On-Farm Impacts of Soybean Silage in an Annual Rotation with Corn Silage

Project Overview

Project Type: Farmer
Funds awarded in 1999: $7,200.00
Projected End Date: 12/31/1999
Matching Non-Federal Funds: $9,073.00
Region: Northeast
State: Vermont
Project Leader:


  • Agronomic: corn, soybeans
  • Animal Products: dairy


  • Animal Production: feed formulation, feed rations
  • Crop Production: intercropping, nutrient cycling
  • Education and Training: demonstration, display, on-farm/ranch research, participatory research
  • Farm Business Management: whole farm planning, budgets/cost and returns, agricultural finance
  • Pest Management: field monitoring/scouting
  • Production Systems: integrated crop and livestock systems
  • Soil Management: soil analysis, organic matter

    Proposal summary:

    There is a tremendous interest on dairy farms in Vermont and other New England states in producing soybeans for silage to be harvested with corn silage to enhance crude protein and energy in mixed silage being fed to dairy cows. Especially, since we now have soybean varieties that can produce 4 ton of dry matter per acre and crude protein levels of 24.5% and net energy lactation in megacals/lb of 65 on a dry matter basis. I want to also look at the impact of soybeans in our annual crop rotation with corn. I want to evaluate reduction in nitrogen applied which impacts ground water, economic viability and field operating efficiency. I have a 15 acre field that we want to plant in strips of two rows of corn and two rows of soybeans. These will be harvested for silage, stored and fed after fermentation to our dairy herd as a major part of their ration. This should improve our feed quality and reduce our feeding costs or increase our gross sales for high protein milk. We will be planting both crops at the same time and harvesting both at the same time. This should reduce our field operating costs through better efficiency.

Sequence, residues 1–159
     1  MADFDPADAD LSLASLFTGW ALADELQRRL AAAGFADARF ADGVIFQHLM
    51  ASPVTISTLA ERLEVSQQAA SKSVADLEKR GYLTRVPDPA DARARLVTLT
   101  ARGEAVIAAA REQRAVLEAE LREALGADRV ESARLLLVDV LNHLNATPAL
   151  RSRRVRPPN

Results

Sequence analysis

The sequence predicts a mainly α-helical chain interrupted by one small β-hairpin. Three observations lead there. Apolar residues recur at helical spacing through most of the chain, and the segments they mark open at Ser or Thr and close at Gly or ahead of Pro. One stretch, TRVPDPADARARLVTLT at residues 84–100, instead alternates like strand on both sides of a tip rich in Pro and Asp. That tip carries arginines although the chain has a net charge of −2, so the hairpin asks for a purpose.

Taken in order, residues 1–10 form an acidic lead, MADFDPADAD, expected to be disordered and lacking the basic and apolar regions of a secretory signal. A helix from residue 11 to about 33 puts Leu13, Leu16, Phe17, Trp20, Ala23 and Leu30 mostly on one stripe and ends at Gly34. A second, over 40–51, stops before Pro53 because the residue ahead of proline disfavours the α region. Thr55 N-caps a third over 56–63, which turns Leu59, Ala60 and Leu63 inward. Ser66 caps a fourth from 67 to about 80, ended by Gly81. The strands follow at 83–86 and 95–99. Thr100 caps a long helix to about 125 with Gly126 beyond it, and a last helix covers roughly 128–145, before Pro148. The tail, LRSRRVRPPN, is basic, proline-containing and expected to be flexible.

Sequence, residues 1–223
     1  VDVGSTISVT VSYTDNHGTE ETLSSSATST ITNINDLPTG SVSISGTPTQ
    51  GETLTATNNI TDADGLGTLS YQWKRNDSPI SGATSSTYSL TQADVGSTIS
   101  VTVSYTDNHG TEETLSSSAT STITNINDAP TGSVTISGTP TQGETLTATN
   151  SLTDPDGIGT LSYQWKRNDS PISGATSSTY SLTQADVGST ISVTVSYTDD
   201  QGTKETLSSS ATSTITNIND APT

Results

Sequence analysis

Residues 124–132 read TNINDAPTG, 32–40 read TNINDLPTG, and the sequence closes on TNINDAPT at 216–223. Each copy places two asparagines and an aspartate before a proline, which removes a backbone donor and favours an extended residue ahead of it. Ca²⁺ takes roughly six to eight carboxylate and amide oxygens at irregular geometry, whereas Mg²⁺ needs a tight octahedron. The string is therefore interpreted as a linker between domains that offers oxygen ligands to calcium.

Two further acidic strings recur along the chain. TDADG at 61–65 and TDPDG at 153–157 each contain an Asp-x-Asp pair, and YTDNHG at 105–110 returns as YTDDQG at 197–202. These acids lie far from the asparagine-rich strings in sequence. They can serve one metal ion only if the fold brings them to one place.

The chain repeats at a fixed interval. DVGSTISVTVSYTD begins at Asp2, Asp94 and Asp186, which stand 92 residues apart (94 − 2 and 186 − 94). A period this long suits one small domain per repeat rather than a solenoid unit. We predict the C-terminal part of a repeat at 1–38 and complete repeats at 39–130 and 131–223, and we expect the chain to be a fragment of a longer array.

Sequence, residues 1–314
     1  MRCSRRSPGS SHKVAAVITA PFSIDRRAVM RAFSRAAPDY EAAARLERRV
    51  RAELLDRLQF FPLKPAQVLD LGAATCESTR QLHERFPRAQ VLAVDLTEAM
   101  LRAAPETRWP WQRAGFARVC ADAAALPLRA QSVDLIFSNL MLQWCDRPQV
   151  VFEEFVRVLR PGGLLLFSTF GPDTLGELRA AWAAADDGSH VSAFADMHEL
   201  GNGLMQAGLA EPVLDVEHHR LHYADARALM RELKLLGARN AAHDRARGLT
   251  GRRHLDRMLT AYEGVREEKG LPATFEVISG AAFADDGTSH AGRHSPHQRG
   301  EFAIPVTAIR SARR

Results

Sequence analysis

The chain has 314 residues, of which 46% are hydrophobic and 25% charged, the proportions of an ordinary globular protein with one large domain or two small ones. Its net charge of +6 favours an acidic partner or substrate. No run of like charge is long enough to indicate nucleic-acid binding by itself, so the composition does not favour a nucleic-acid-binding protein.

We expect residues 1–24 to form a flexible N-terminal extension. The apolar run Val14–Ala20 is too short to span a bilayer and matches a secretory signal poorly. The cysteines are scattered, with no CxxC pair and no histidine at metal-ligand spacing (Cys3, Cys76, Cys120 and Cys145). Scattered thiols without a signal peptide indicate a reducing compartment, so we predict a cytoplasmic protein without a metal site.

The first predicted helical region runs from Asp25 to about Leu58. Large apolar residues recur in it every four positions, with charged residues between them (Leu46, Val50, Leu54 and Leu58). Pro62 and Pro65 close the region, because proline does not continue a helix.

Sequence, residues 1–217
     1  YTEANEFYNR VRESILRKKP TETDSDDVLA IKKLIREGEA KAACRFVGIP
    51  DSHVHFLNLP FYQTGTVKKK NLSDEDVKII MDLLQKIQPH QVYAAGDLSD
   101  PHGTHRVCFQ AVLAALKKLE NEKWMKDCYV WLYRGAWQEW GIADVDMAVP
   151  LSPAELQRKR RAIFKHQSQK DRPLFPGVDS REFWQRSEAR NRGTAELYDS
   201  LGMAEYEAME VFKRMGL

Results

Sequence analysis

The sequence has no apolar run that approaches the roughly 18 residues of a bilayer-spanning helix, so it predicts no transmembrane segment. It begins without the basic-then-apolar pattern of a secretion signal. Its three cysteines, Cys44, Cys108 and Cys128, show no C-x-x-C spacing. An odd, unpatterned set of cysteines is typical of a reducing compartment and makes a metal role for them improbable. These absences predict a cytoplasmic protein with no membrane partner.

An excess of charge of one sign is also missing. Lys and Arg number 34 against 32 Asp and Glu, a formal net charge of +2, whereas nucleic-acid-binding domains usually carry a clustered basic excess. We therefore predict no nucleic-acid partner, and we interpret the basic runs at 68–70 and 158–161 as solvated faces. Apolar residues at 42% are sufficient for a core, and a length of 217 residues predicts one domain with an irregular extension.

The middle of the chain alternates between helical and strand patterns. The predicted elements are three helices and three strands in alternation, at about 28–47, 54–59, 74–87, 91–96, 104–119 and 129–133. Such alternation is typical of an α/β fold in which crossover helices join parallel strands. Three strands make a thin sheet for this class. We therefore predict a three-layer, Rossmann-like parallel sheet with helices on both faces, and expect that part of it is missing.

Any opinions, findings, conclusions, or recommendations expressed in this publication are those of the author(s) and do not necessarily reflect the view of the U.S. Department of Agriculture or SARE.